An annular eclipse of the Sun occurs on Sunday 21 June, 2020 UT, lasting from 03:45–09:33 UT. A large annular eclipse will cover over 99% of the Sun, creating a dramatic spectacle for observers in a narrow path at most 21 km wide; it will last 38 seconds at the point of maximum eclipse. It will be seen from mid Africa, across the Middle East, northern India and south-east Asia. The partial eclipse will be visible over western Africa, the Middle East, and south and east Asia.

The timings of the phases of the overall eclipse worldwide are as follows. In any particular place it will be seen for a significantly shorter duration as the shadow moves across the Earth:

Partial eclipse begins: 03:45:54 UT
Annular eclipse begins: 04:47:38 UT
Maximum eclipse: 06:39:59 UT
Annular eclipse ends: 08:32:16 UT
Partial eclipse ends: 09:33:57 UT

During this eclipse the Sun will be 0.525° in apparent diameter, 1.6% smaller than average. The Moon will be 6 days after apogee and 9 days before perigee. At maximum eclipse it will be 0.521° in apparent diameter, which is 1.8% smaller than average; this is not large enough to cover the Sun, which is why this is an annular eclipse. The statistics page has information on the ranges of the sizes of the Sun and Moon.

Interactive Map

This map shows the visibility of the eclipse. The shaded area will see the annular solar eclipse; however, near the edges of this area, the eclipse will be very short. The bold line shows the centre of the path, where the eclipse will last longest, so this is where you want to be if possible.

Use the zoom controls to zoom in and out; hover your mouse over any point on the centreline to see the time and duration of the eclipse at that point. You can pan and zoom the map to see detail for any part of the eclipse path.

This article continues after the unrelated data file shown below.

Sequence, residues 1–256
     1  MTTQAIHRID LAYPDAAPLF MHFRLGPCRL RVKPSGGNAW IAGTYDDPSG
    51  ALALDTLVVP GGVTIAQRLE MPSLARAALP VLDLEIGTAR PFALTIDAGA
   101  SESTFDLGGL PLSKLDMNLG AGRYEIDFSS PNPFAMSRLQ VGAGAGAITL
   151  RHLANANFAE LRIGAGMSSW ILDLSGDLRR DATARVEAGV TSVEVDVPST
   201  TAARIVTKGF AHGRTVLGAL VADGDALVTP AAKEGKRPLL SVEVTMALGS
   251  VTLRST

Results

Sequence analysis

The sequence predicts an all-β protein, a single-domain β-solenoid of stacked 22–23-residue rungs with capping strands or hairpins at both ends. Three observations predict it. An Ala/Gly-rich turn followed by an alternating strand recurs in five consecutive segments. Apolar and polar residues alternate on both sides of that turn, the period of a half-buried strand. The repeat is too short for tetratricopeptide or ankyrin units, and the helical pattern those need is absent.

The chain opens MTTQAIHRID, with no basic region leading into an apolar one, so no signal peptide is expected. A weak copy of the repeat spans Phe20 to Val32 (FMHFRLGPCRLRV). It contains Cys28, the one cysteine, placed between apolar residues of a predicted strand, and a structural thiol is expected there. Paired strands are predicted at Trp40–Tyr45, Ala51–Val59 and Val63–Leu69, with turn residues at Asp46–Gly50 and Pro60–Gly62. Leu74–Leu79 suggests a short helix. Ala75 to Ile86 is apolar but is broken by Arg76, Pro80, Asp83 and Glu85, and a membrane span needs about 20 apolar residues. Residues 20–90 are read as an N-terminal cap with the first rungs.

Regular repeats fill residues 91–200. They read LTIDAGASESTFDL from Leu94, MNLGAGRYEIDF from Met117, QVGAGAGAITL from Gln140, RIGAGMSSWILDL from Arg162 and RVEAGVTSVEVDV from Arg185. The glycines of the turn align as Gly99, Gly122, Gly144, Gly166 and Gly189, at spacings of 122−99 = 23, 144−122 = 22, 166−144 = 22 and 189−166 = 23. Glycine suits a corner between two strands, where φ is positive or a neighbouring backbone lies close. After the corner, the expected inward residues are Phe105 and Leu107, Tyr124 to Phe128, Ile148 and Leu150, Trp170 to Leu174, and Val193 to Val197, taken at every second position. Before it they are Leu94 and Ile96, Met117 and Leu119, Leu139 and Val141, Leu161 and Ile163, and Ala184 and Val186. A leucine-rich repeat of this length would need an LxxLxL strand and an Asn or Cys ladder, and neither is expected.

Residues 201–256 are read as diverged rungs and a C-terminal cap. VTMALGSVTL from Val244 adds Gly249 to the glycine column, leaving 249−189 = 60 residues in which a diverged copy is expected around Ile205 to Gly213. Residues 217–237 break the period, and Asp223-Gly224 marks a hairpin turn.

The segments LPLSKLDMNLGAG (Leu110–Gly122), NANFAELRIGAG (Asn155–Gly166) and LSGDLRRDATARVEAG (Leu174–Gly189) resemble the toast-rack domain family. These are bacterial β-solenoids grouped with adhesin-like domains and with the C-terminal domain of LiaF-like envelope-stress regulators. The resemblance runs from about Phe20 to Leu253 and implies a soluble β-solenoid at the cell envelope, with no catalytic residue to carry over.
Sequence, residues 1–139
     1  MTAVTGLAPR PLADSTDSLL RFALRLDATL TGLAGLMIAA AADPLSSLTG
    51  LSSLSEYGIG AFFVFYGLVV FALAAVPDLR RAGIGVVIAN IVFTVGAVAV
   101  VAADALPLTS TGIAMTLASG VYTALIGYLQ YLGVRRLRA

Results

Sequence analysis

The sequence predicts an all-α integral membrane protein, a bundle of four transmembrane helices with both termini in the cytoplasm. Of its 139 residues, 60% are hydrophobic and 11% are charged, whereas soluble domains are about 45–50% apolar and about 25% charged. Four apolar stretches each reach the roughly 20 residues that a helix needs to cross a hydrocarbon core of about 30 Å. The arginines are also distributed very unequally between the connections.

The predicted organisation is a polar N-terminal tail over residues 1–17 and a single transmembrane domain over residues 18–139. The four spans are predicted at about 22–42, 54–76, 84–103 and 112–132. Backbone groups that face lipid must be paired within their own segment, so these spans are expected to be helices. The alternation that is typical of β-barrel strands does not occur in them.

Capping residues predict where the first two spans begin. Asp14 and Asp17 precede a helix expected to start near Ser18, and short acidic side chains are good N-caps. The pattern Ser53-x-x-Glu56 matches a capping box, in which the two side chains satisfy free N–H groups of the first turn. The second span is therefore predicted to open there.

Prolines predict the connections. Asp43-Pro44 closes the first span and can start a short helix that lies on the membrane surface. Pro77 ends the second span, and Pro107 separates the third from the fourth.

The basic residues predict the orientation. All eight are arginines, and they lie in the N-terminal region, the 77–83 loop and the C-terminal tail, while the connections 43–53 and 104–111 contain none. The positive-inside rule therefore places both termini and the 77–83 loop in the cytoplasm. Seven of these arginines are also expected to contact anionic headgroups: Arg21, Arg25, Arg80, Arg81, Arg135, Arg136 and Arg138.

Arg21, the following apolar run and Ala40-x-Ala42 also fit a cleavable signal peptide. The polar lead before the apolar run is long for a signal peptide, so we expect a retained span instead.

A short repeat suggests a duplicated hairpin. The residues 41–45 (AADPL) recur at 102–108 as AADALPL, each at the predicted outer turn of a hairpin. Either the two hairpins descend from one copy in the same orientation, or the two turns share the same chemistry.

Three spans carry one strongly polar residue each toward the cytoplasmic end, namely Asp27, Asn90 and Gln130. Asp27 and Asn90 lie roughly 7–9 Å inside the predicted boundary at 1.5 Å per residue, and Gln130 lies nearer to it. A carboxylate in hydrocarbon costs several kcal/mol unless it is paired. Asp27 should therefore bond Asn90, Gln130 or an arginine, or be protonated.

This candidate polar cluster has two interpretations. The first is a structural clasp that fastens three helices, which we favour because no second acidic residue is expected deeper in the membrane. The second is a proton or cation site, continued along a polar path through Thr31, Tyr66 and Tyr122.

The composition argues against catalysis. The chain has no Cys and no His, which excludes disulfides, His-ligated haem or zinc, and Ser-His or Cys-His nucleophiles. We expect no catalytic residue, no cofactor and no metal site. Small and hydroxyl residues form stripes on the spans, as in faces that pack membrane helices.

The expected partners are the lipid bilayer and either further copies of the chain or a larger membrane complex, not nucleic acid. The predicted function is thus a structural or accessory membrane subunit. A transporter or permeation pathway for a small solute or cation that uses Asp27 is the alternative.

Overview Map

This map sourced from NASA's Eclipse Web Site shows the visibility of the annular solar eclipse. It also shows the broader area in which a partial eclipse will be seen. (Click on it for the full-sized version.)

Eclipse Season and Saros Series

This eclipse season contains 3 eclipses:

This is the 36th eclipse in solar Saros series 137.The surrounding eclipses in this Saros series are:

Eclipse Parameters

UT Date/time (max) 06:40:03 on 21 Jun UT TDT Date/time (max) 06:41:15 on 21 Jun TDT
Saros Series 137 Number in Series 35
Penumbral Magnitiude Central Magnitiude 0.994
Gamma 0.1209 Path Width (km) 21
Delta T 1m12s Error ± 0m05s (95%)
Penumbral Duration Partial Duration
Total Duration 0m38s
Partial Rating major Total Rating major
Sun Distance 152039732 km (102.3%) Moon Distance 387976 km (62.8%)
Sun Diameter 0.525° Moon Diameter 0.513° - 0.521°
Apogee 00:57 on 15 Jun UT Perigee 02:09 on 30 Jun UT
Contact p1 03:45:54 on 21 Jun UT Contact p2
Contact u1 04:47:38 on 21 Jun UT Contact u2 04:49:04 on 21 Jun UT
Max eclipse 06:39:59 on 21 Jun UT
Contact u3 08:30:55 on 21 Jun UT Contact u4 08:32:16 on 21 Jun UT
Contact p3 Contact p4 09:33:57 on 21 Jun UT

Note that while all dates and times on this site (except where noted) are in UT, which is within a second of civil time, the dates and times shown in NASA's eclipse listings are in the TDT timescale.

The Sun and Moon distances are shown in km, and as a percentage of their minimum - maximum distances; hence 0% is the closest possible (Earth's perihelion, or the Moon's closest possible perigee) and 100% is the farthest (aphelion, the farthest apogee). The statistics page has information on the ranges of sizes of the Sun and Moon.

Data last updated: 2015-06-21 22:11:46 UTC.